Greta Magnusson-Grossman was born in Helsingborg, Sweden, in 1906.
Her career included architecture, interior design and furniture design. In the 1920s, she completed her one-year woodworking education in Helsingborg and was awarded a scholarship at the prestigious Stockholm Kunsthochschule Konstfack, where she studied furniture, textiles and ceramics design.
In 1933 she was awarded the second place for furniture design by the Stockholm Craft Trade Association, making her the first female winner in this category.
That same year, Grossman opened with her Konstfack fellow student Erik Ullrich Studio, a store and a design workshop in Stockholm and married the jazz band frontman Billy Grossman. In 1937 Grossman designed a cot for the Swedish princess Birgitta for a group exhibition in the National Museum of Stockholm. In 1940, she emigrated with her husband to America and settled in Los Angeles.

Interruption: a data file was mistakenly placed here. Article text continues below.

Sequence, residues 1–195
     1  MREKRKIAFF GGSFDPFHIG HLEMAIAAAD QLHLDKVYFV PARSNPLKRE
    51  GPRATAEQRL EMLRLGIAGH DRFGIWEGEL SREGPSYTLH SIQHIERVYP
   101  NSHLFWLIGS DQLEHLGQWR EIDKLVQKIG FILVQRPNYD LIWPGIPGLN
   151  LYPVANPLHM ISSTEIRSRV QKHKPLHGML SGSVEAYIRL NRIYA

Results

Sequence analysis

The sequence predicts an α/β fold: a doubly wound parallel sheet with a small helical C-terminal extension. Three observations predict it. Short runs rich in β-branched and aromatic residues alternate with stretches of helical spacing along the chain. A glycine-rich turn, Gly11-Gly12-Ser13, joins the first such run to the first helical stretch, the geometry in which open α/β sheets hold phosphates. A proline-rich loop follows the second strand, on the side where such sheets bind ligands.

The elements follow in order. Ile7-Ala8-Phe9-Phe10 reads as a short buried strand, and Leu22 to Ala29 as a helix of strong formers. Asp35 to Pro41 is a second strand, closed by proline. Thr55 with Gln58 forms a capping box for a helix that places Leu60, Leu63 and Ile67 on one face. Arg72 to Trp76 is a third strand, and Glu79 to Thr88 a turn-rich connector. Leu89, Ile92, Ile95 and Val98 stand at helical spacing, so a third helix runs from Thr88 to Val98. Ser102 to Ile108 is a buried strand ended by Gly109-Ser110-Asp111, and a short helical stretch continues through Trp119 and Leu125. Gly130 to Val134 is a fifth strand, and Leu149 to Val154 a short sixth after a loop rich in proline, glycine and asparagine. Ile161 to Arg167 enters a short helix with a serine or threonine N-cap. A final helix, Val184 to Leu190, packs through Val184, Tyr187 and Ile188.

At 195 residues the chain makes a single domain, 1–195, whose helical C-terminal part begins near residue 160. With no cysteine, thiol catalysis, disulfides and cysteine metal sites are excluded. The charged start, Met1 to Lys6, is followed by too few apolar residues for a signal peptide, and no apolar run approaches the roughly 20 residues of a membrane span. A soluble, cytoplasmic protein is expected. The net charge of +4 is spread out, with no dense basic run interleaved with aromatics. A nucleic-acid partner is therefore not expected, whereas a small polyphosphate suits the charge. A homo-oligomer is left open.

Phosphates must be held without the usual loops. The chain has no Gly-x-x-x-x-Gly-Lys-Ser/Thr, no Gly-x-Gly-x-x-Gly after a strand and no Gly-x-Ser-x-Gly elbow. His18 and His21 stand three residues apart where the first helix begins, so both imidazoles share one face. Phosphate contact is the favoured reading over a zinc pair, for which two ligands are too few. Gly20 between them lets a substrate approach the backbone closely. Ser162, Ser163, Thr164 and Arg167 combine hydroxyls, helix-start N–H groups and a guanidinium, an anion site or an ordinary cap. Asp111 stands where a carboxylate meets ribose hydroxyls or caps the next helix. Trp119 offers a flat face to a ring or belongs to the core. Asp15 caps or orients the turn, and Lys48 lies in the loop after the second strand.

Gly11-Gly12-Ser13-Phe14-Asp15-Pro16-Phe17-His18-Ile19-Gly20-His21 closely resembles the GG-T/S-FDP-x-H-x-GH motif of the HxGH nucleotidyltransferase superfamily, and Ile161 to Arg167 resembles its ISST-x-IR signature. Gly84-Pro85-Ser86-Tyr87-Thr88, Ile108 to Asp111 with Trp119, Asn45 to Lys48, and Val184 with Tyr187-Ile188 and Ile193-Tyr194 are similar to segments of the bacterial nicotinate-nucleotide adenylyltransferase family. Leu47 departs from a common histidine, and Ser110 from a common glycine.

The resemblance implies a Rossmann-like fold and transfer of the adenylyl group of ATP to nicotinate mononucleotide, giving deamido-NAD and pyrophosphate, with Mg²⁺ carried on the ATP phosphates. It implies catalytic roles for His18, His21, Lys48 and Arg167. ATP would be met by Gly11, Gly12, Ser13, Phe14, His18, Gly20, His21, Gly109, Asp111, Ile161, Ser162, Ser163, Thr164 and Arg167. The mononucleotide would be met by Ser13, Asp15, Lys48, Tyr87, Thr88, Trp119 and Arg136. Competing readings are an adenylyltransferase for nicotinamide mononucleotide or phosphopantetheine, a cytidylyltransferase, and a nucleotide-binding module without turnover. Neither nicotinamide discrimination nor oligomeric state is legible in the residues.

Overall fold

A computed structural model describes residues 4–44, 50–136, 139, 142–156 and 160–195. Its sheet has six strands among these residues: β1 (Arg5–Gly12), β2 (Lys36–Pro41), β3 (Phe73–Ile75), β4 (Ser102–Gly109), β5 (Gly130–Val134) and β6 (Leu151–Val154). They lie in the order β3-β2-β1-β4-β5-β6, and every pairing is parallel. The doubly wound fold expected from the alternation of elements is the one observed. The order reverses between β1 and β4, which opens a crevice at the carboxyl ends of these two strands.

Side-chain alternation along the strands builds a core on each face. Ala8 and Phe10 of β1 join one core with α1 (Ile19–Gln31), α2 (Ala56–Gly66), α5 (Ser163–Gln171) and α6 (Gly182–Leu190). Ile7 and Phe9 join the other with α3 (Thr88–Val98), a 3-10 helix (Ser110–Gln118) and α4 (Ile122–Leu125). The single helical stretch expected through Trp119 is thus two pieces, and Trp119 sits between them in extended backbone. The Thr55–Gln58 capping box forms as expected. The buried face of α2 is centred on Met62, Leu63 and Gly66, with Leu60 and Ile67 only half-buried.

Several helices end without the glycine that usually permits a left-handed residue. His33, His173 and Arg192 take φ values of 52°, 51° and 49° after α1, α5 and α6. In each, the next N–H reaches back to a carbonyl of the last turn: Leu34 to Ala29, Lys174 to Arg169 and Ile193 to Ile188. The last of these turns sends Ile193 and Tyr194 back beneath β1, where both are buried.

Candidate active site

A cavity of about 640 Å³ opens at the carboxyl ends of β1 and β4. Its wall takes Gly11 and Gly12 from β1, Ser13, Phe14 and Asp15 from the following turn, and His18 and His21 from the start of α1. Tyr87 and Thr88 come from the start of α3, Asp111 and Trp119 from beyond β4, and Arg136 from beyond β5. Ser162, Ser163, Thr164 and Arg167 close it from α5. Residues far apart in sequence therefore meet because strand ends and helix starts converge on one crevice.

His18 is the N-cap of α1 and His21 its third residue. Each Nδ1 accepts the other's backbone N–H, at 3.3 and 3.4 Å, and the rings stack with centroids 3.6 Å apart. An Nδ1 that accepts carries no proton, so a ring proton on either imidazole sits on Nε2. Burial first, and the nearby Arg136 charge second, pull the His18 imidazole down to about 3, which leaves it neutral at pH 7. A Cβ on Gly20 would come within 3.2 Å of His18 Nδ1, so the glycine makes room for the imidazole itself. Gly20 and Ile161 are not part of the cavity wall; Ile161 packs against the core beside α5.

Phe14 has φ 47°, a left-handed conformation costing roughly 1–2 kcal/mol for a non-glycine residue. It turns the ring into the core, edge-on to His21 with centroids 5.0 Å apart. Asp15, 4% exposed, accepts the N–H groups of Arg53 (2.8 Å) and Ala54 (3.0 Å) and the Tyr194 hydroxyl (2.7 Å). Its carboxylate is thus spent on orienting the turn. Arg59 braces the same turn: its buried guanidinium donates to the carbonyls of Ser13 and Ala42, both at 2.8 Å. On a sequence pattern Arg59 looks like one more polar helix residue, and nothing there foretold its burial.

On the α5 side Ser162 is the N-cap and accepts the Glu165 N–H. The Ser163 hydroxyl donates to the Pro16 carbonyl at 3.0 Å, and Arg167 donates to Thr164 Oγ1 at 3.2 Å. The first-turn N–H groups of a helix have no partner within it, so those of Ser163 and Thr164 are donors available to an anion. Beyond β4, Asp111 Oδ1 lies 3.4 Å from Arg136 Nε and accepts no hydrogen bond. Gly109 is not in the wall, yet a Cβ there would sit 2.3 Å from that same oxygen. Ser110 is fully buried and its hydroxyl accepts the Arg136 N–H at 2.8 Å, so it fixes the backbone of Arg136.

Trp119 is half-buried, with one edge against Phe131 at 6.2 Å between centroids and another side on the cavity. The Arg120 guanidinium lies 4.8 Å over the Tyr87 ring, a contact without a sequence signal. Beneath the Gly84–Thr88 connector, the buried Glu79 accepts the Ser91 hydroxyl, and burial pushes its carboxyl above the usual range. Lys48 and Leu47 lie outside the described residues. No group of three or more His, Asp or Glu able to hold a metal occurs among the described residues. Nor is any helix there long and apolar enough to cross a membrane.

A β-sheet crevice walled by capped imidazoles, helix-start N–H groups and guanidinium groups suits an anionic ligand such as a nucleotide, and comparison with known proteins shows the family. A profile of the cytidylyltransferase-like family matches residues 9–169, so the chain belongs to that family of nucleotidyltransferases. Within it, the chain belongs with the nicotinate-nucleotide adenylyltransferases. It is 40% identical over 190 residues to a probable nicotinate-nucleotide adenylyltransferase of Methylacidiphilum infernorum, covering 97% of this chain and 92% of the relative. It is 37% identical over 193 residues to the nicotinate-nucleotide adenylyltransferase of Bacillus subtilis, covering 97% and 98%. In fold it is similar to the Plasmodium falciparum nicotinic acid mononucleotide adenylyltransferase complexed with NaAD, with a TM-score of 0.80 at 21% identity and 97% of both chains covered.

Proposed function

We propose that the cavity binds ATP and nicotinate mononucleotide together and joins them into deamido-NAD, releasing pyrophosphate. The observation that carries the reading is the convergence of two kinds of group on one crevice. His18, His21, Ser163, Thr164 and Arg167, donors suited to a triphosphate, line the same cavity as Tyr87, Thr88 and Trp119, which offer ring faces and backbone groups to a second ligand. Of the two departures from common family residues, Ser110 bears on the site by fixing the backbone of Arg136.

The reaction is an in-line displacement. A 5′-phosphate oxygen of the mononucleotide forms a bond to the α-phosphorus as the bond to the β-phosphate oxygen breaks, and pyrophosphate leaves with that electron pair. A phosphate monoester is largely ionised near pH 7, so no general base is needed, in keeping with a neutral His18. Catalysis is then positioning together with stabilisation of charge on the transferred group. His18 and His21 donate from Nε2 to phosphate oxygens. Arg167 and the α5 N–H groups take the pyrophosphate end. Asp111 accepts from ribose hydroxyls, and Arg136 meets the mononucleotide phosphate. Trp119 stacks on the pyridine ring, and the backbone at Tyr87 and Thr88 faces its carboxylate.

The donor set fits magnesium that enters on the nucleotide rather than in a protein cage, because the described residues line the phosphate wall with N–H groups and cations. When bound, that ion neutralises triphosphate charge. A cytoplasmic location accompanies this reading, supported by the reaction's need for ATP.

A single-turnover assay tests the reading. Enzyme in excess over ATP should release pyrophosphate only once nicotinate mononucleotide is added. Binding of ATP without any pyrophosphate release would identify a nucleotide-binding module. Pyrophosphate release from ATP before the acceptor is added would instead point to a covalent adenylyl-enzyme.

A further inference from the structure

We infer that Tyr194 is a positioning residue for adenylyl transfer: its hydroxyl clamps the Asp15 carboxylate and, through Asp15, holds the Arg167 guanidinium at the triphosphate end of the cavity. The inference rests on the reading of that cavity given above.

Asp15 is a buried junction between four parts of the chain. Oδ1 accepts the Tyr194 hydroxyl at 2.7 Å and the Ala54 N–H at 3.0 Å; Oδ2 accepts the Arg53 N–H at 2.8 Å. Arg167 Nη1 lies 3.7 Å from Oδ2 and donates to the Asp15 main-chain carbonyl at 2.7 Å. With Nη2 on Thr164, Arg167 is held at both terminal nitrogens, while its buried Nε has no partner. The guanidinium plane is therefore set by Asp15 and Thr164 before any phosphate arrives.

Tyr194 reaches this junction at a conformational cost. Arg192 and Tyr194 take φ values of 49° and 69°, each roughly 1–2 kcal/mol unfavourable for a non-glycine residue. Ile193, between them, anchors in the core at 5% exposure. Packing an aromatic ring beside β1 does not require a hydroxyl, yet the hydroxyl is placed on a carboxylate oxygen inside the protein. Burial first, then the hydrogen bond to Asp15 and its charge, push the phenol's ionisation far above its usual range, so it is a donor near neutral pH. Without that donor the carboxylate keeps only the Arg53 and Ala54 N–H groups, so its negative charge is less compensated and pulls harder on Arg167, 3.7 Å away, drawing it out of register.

There she opened a furniture, lighting and interior design workshop in Beverly Hills. In addition to her business, she also designed pieces for companies such as Sherman Bertram, Modern Line, Barker Brothers and Glenn of California.
Between 1949 and 1959, Grossman designed numerous homes in California, often collaborating with landscape architect Garrett Eckbo.
The floor area of most of the buildings was less than 140 square meters and many were built on stilts, providing exceptional views. During the 1950s, she taught industrial design at the Art Center School and the University of California, Los Angeles. In the late 1960s, Grossman retired from design and architecture.